OverviewTeaching: 20 min
Exercises: 10 minQuestions
How do we monitor our jobs?
How can I get my jobs scheduled more easily and improve throughput?Objectives
Understand how to look up job statistics.
Understand job size implications.
We now know most of the basic mechanics of getting research up and running on an HPC system. We can log on, submit different types of jobs, use preinstalled software, and install and use software of our own. What we need to do now is understand how we can use the systems effectively.
Although we covered requesting resources from the scheduler earlier, how do we know how much and what type of resources we will need in the first place?
Answer: we don’t. Not until we’ve tried it ourselves at least once. We’ll need to benchmark our job and experiment with it before we know how much it needs in the way of resources.
The most effective way of figuring out how much resources a job needs is to submit a test job, and then ask the scheduler how many resources it used. A good rule of thumb is to ask the scheduler for more time and memory than your job can use. This value is typically two to three times what you think your job will need.
Benchmarking Computational Fluid Dynamics
Copy the Python 2D CFD application from the course website using the following command:
wgetis a command that lets you download files directly from a website.)
Then unpack it using
tar -xvf cfd.tar.gz
taris a bit like zip, it allows you to create/expand an archive file from multiple files.)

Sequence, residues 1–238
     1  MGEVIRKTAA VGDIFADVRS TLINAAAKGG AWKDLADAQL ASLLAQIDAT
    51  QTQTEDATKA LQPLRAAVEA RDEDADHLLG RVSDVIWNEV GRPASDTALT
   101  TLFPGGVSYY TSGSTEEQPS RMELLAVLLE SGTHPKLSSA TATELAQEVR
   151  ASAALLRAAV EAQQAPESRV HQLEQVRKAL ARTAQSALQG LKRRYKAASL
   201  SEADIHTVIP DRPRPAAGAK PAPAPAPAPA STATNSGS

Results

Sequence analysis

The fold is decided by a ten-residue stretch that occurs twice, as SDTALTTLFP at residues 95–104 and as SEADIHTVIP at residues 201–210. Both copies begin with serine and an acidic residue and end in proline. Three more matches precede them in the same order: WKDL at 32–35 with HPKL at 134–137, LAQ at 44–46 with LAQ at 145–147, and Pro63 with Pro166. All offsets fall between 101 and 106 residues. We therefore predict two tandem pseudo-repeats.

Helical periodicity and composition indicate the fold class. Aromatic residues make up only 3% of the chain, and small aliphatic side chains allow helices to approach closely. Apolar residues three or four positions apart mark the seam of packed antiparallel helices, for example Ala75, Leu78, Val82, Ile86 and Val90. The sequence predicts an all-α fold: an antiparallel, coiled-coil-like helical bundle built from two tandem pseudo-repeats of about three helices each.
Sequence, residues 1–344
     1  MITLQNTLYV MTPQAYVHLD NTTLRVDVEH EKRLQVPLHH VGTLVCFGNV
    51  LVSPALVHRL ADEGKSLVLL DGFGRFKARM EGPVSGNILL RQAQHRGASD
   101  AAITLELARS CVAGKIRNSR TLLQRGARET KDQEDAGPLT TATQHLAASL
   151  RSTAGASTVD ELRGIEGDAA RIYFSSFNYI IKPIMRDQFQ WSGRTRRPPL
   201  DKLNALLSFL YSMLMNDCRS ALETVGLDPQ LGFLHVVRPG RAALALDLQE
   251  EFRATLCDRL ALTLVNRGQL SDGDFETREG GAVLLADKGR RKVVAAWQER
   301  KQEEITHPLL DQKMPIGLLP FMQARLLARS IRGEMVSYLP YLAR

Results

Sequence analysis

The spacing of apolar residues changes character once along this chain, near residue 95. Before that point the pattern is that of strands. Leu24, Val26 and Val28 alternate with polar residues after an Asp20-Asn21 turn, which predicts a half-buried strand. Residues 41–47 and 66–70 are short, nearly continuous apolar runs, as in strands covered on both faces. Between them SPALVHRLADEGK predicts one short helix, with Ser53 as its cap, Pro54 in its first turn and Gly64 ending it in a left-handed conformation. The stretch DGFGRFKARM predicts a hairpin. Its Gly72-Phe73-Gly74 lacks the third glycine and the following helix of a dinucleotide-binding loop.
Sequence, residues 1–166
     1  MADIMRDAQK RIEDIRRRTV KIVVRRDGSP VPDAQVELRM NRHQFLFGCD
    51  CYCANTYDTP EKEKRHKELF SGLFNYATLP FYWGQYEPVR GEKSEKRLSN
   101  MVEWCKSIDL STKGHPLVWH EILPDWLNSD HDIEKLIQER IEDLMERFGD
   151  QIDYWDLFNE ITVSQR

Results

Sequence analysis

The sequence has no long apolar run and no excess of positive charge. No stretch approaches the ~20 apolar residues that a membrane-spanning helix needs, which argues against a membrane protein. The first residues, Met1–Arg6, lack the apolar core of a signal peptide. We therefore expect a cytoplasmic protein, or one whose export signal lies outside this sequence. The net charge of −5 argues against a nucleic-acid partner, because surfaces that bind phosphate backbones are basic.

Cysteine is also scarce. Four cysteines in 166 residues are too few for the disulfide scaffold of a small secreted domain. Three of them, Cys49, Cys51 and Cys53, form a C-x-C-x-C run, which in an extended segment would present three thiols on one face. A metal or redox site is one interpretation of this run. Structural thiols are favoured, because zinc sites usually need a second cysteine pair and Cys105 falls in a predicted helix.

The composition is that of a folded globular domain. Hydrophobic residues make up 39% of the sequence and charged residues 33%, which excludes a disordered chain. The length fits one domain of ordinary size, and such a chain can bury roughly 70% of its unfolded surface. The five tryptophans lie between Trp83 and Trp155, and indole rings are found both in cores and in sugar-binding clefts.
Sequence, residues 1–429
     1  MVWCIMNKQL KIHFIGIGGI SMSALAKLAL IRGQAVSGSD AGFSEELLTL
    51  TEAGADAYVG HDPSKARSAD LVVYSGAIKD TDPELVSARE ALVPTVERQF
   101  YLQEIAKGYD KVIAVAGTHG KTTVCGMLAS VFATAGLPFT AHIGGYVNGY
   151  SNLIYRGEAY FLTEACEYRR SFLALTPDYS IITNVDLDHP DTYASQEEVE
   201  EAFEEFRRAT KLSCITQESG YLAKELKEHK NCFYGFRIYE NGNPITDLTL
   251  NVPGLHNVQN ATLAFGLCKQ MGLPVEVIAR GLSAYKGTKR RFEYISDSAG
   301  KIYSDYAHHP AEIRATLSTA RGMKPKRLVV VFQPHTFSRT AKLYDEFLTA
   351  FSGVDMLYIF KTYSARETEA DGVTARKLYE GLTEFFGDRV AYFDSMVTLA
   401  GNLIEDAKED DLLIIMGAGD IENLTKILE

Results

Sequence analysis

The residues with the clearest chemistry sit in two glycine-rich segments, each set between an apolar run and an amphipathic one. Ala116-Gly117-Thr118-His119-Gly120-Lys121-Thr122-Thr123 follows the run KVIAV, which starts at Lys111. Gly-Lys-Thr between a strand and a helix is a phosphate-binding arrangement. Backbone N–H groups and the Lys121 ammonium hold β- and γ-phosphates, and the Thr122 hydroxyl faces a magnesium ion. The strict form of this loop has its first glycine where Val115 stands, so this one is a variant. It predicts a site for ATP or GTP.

Create a job that runs the following commands in the directory containing the
module load anaconda/python2 python cfd.py 3 20000
You’ll need to figure out a good amount of resources to ask for for this first “test run”. You might also want to have the scheduler email you to tell you when the job is done.
Hint: the job only needs 1 cpu and not too much time. The trick is figuring out just how much you’ll need!
Once the job completes, we can query the scheduler to see how long our job took.
We will use
qstat -x to get statistics about our job.
qstat -x -u yourUsername shows all jobs that you have run on the system recently
[remote]$ qstat -x -u yourUsername
NEED TO ADD
As we saw in the previous episode on the scheduler, you can use the
qstat command to
monitor how much time and how many nodes are being used by current jobs. To list
details of your jobs (queued and running), use
qstat -u yourUsernname and to list the
details of all jobs in the queue use
The better your resource request estimates, the better throughput you will see.